Home system 4000 watt (Evergreen) array standing, with 2 Midnite Classic Lites,  Midnite E-panel, Prosine 1800 and Exeltech 1100, ForkLift battery. Off grid for @13 of last 14 years. 1000 watts being added to current CC, @2700 watts to be added with an additional CC.
  • mcgivormcgivor Registered Users Posts: 1,214 ✭✭✭✭
    An inverter charger may be a good to have, that way shore power or generator, could be used to supplement the solar if needed, some/all?, allow for pass through of AC~ to support loads, they cost a little more than a reasonable quality inverter, but have a built in charger and results in a tidy installation, with a matching charge controller some can communicate with each other giving better control and monitoring capabilities.
    https://www.solar-electric.com/catalogsearch/result/?q=inverter+charger
      1500W, 6× Schutten 250W Poly panels , Schneider 150 60 CC, Schneider SW 2524 inverter, 8×T105 GC 24V nominal 

  • sasquatterssasquatters Registered Users Posts: 32 ✭✭
    I hate writing long posts that mysteriously disappear. I find myself copying my posts before I submit them on several forums.

    We do plan on keeping the windows. The reason we wanted a bus was to have a bus. Several people sheet metal over them and add new windows. While that is cool, it no longer looks like a bus. Plus the light is wonderful. Despite that, our bus actually stays decently cool in the shade. We have 3.5" of spray foam insulation in the walls, and 2.5" of insulation in the roof, and the roof will also have a deck over that so the air will flow between to keep it cool as well as shade the roof. We do plan on using insulating/blackout curtains and so far we think we will be fine in that area.

    Thank you Photowhit for the advice on the Midnight controller. Not sure if you saw our photo but the "garage" solar area will be right behind out heads and we do not want to hear a loud fan running all the time! I think we are going to stay around 215-245w panels due to size since they will be sliding in and out and with the roof hatches there are size restrictions for width. If you could explain your calculation better ( {(1260x.75derating for NOCT) ÷ 12} = 78.75 amps.) I would really appreciate it just for the knowledge. I am pretty sure we will be around 940w or so.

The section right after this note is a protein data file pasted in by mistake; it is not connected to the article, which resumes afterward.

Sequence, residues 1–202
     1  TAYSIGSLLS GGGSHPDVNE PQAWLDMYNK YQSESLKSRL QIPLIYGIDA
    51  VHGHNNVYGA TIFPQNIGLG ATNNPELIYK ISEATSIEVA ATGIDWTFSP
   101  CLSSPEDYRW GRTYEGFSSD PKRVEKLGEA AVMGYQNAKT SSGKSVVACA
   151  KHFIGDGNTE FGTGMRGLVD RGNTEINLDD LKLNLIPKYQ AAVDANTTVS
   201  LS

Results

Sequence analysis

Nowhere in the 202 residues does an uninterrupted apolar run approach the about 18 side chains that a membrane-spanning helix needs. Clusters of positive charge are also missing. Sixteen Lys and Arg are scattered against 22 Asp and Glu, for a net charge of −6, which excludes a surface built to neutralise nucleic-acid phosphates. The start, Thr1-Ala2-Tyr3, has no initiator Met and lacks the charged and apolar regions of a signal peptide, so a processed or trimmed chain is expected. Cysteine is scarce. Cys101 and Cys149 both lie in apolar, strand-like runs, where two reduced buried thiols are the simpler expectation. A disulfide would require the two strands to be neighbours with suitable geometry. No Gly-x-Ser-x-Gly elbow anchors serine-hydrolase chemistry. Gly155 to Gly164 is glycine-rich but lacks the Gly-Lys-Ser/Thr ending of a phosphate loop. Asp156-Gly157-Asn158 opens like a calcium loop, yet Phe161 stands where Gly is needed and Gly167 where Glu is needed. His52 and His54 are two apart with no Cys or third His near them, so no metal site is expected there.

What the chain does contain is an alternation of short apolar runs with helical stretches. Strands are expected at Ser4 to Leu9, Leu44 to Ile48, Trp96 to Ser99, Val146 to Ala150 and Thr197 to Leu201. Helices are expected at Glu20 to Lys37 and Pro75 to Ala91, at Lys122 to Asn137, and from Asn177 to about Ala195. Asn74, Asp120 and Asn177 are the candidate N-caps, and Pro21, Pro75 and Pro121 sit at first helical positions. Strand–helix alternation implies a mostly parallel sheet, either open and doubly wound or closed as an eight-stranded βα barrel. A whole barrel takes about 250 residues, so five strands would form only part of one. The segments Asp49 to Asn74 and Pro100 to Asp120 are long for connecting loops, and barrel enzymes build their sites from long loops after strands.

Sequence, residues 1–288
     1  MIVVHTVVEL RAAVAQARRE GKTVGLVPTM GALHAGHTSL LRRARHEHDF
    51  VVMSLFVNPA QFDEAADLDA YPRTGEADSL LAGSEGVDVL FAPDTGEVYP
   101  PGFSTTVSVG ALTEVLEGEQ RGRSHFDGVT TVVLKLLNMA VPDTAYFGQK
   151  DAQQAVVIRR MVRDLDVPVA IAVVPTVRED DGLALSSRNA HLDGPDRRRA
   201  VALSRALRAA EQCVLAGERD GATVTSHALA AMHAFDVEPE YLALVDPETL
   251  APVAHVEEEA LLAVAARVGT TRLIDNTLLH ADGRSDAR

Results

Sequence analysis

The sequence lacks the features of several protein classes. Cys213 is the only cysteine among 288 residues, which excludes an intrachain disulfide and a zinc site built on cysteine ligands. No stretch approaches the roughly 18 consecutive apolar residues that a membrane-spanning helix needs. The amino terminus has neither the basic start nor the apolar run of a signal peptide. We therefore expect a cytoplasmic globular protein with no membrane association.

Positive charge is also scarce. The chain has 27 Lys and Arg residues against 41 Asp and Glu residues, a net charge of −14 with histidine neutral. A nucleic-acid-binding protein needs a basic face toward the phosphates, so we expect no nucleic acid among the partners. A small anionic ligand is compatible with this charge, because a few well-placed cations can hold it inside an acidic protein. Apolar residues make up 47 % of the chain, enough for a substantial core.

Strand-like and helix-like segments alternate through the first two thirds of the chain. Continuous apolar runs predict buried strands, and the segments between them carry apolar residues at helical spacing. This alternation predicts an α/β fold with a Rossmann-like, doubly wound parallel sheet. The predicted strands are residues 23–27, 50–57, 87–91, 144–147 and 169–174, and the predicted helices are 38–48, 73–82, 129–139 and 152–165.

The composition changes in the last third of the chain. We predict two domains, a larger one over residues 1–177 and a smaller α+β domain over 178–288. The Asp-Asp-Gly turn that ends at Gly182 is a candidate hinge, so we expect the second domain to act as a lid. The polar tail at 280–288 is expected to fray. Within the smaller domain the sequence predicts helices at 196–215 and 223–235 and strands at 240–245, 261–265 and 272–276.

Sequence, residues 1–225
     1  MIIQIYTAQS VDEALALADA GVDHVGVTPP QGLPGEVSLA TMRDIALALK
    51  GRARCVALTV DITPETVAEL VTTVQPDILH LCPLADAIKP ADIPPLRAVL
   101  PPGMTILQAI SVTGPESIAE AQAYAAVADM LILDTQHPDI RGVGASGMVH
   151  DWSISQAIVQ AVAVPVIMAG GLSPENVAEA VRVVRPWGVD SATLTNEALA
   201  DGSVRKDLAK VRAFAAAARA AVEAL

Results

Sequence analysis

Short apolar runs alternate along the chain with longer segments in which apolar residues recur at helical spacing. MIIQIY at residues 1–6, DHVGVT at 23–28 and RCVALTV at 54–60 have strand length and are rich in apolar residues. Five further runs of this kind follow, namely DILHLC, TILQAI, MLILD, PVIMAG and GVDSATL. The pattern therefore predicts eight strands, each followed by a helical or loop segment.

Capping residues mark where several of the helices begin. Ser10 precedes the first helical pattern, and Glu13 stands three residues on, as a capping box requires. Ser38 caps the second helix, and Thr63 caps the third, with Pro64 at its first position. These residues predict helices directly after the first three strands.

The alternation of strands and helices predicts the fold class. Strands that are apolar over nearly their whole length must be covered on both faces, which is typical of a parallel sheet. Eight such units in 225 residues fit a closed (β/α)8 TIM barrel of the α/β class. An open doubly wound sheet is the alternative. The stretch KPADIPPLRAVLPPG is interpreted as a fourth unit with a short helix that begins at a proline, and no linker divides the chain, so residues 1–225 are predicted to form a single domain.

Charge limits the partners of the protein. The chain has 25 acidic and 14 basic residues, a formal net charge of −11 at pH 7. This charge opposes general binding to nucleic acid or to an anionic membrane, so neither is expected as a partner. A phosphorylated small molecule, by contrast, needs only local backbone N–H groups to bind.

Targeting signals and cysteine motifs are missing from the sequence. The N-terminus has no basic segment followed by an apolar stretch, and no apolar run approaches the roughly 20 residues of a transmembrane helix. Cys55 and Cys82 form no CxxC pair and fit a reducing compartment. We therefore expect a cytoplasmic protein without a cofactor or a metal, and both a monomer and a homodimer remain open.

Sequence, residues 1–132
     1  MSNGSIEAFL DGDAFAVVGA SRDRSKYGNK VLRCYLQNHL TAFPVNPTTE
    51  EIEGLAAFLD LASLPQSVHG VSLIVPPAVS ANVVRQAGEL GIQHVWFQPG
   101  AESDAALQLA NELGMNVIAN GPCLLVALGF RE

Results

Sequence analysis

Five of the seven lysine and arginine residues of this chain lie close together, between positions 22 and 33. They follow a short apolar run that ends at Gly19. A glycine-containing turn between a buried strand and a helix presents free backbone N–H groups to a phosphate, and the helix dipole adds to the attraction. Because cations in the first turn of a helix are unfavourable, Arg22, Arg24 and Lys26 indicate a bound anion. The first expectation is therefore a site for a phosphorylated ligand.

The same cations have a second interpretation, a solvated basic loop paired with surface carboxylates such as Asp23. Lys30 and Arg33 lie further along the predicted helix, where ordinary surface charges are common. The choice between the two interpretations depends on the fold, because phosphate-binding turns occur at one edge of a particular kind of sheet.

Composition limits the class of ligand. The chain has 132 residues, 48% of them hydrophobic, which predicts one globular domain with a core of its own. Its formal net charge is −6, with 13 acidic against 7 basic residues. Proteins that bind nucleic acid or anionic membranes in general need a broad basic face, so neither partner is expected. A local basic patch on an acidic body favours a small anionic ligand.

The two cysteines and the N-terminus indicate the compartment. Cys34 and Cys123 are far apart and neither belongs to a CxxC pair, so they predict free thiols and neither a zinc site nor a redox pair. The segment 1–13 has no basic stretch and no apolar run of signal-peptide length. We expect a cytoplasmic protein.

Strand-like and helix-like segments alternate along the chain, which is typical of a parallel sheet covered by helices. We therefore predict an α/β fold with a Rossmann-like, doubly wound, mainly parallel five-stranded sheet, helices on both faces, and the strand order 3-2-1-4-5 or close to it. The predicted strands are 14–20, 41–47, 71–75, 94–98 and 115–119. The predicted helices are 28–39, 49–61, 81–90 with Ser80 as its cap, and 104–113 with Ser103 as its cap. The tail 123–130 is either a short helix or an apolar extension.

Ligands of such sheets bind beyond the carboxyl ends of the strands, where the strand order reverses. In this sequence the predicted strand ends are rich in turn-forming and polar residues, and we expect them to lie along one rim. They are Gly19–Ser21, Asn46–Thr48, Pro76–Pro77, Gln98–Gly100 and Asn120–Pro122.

Thank you for the information about door opening on refrigerators. I never knew that. Seems to be hidden from consumers? We certainly do not open the refrigerator 24 times a day. We were looking at a very nice bottom freezer unit but it was 434kwh/yr and apparently that is quite high. We then found the one I posted above which is also a bottom freezer unit. After more and more consideration and people telling us to look elsewhere, I guess we will probably be going with a more efficient smaller unit with a top freezer. Not sure why the bottom freezer units are not as efficient as the top freezer unites.

    We will be heating water with an on demand propane unit as well a cooking with propane but we will be heating with a wood stove made for boats. Our thoughts behind this are propane is a wet heat and we will likely have condensation with out single pane bus windows. The wood stove should keep the air dry enough that we do not have water pouring off the 16 windows.

    We we going to have each side of the bus's solar panels on their own tilt mounts but we were informed that they will only draw in as much as the lowest panels is without having two charge controllers.

    I have never heard of an inverter/charger but we are very new to this. Anything we can combine into a single unit to save space sounds great. We really want a fully automate system other than having to potentially plug in a 50amp service.

    Thank you all for your help. This is obviously a huge investment so please keep the information coming! Truly appreciated.
  • PhotowhitPhotowhit Solar Expert Posts: 4,203 ✭✭✭✭
    edited July 12 #24
    If you could explain your calculation better ( {(1260x.75derating for NOCT) ÷ 12} = 78.75 amps.) I would really appreciate it just for the knowledge. I am pretty sure we will be around 940w or so.
    Solar panels are rated at what is called STC - Standard Test Conditions. In thin manner all have a basic exposure for a short amount of time and measured. The amount of light is higher than typical and the panels are not allowed to warm up. Panels produce less voltage and to some degree less current when warm. There is often another set of number call NOCT - Normal Operating Cell Temperature values which are much more representative of the normal out put of panels well angled to the sun. (Something that is often hard to do with an RV.) These NOCT values are typically 75% of the panel rating.

    As an example you say you will have 940 watts of panels or @ 4 235 watt panels. I found a site that has published the NOCT values for a 235 watt Canadian Solar panel CS6P-235P similar to those you linked to;

    http://www.solarsystems-usa.net/solarpanels/canadiansolar/cs6p-235p/

    This is what they say the panel will produce normally.

    So under normal conditions the panel will produce about 174 watts or 174÷235= 74% of the panel rating.
    We we going to have each side of the bus's solar panels on their own tilt mounts but we were informed that they will only draw in as much as the lowest panels is without having two charge controllers.